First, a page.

experience. It fulls our spiritual ‘bellies’ and makes us want to hug the Lord with all our
might. The scriptures say: ‘John the Baptist said, “I baptise you with water; but He Who is
mightier than I is coming, the strap of Whose sandals I am not fit to untie. He (Jesus) will
baptise you with the Holy Spirit and with fire’” (Luke 3:16). This is the fire of the Holy Spirit,
and this fire is not and ordeal – it is glorious.

Mis-used quote: ‘Scapegoat’ … People think this means one person has been unfairly
accused, when others are involved in a scandal or a wrong doing. Scripturally, a
scapegoat is not a human, but a goat. Part of the Law of Moses was to present a goat to
the Lord to make atonement then the scapegoat was set free. The man who led the sin-
bearing scapegoat into the wilderness had to bathe and don clean clothes before re-
entering the camp. God said: ‘The priest shall take two goats and present them before the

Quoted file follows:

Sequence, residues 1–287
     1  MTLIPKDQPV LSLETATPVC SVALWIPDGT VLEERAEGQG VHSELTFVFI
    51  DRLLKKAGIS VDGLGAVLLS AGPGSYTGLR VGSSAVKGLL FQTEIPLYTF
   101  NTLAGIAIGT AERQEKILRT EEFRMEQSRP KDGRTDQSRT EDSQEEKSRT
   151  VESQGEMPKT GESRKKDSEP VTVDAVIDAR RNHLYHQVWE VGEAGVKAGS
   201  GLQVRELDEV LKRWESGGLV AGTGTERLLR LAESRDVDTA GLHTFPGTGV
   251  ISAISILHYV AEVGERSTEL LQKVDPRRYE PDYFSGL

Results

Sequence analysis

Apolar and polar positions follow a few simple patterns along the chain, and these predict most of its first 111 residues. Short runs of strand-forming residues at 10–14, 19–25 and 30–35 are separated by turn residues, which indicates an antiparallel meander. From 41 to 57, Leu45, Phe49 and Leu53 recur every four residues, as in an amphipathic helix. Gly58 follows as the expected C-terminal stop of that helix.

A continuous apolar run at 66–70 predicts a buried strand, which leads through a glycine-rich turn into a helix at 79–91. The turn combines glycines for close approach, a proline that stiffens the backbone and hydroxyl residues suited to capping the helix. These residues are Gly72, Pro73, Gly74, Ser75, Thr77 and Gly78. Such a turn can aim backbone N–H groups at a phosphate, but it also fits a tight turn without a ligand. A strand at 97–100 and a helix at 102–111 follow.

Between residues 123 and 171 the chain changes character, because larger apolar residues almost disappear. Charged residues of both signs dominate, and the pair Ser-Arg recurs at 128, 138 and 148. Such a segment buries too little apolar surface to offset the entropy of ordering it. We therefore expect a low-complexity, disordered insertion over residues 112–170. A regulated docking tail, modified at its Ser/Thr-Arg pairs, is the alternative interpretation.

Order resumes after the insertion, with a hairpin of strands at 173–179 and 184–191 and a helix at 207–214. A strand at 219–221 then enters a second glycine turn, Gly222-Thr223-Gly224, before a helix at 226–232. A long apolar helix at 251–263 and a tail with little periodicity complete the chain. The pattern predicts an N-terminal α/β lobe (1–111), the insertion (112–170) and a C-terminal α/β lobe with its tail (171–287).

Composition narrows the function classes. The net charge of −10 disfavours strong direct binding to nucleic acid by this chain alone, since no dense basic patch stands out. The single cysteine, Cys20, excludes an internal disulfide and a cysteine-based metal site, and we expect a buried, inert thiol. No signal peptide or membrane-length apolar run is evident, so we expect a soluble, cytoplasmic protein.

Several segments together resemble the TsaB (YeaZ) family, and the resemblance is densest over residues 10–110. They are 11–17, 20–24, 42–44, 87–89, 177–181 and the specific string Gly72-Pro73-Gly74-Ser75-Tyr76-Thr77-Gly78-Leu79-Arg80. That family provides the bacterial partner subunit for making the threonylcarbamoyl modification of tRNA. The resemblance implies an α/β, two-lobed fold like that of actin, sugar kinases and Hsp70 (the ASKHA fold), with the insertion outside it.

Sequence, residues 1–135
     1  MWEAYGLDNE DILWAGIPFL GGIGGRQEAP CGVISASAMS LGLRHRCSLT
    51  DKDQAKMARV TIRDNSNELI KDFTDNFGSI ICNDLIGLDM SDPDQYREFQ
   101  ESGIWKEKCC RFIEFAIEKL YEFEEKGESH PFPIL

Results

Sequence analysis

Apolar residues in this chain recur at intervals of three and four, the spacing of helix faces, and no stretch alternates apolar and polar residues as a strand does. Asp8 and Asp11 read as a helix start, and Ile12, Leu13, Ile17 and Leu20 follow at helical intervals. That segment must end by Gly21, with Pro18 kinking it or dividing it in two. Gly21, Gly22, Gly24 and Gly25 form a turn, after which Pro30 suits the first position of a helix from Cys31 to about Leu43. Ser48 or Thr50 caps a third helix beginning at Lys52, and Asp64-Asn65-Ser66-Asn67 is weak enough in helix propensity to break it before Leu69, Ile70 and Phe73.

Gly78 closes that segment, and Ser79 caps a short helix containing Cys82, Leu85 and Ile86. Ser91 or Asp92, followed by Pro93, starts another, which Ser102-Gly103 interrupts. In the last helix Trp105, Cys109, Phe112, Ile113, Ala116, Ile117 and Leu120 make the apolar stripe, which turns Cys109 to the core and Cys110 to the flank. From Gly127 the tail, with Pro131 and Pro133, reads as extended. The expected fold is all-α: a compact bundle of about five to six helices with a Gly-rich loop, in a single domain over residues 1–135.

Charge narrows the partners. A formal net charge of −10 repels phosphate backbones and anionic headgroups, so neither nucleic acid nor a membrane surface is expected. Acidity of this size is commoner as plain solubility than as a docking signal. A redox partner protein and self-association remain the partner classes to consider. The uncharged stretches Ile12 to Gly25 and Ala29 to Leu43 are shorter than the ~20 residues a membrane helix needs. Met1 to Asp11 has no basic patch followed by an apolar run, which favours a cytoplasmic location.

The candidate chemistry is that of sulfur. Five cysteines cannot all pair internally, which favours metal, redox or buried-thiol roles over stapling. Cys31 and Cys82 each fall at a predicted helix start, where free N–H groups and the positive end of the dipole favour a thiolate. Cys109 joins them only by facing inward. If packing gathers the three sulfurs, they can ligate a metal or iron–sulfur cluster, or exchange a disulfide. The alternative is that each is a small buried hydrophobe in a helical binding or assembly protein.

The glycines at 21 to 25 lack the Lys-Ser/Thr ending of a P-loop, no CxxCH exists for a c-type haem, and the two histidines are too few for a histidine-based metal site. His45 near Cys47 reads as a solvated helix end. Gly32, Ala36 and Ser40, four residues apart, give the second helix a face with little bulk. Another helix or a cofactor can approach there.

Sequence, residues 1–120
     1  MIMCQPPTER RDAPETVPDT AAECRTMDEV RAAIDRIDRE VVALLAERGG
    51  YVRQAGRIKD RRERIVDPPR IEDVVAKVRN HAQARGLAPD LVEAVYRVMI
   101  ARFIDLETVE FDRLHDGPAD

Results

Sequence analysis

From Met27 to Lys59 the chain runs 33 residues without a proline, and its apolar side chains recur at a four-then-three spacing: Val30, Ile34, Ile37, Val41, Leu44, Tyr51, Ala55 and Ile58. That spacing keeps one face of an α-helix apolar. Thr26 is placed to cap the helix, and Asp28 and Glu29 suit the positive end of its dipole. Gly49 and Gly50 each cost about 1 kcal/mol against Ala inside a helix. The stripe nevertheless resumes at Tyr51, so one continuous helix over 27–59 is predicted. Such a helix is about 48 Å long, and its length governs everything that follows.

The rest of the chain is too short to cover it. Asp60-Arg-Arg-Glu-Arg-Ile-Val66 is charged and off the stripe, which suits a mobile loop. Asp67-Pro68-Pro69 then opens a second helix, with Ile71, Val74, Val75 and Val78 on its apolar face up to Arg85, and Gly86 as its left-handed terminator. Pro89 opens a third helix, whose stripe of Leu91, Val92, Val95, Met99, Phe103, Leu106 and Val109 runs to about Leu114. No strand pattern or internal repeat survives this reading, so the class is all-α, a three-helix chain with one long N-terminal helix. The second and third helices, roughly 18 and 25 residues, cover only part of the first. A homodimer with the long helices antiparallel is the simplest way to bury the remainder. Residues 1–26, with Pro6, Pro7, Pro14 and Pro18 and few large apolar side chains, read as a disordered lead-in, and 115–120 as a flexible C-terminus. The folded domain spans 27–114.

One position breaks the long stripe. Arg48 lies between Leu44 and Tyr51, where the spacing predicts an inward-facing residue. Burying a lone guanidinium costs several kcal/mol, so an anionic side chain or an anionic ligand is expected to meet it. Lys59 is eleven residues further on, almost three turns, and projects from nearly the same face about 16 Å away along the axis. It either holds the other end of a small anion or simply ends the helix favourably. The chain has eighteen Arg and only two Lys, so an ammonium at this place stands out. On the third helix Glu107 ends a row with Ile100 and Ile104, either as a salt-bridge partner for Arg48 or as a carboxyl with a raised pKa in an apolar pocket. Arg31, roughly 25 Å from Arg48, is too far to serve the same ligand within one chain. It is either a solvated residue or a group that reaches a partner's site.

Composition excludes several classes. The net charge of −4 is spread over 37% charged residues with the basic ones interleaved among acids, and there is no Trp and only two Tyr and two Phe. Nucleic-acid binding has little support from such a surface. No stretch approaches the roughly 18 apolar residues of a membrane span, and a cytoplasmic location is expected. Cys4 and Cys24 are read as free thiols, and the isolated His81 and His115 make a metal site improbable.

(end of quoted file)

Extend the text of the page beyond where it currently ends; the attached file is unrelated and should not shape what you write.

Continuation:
Lord … one as a sin offering … the other (the scapegoat) may be let go into the wilderness
(for the dismissal of sin)’ (Leviticus 16:7 to 10 & 26).

Mis-quote: ‘Doubting Thomas’ … In this age, a Doubting Thomas is a sceptic, but the
original Thomas was not. In fact his name was not even Thomas – it was Didymus and he
was a twin (John 11:16). This man’s nickname was Twin – T’oma – which is spelt in
English as Thomas. Jesus had just been crucified and the eleven surviving disciples were
thrown into chaos. They had witnessed the miracles Jesus had done, they knew He was
the promised Messiah, and they were devastated when Jesus was wrongly accused and
murdered. All the disciples saw Jesus after He had died. Less than a week later, Thomas
heard through hearsay, that his close friend Jesus was still alive. We all know that death is
permanent, so Thomas did not believe the rumour that Jesus was alive. Nobody,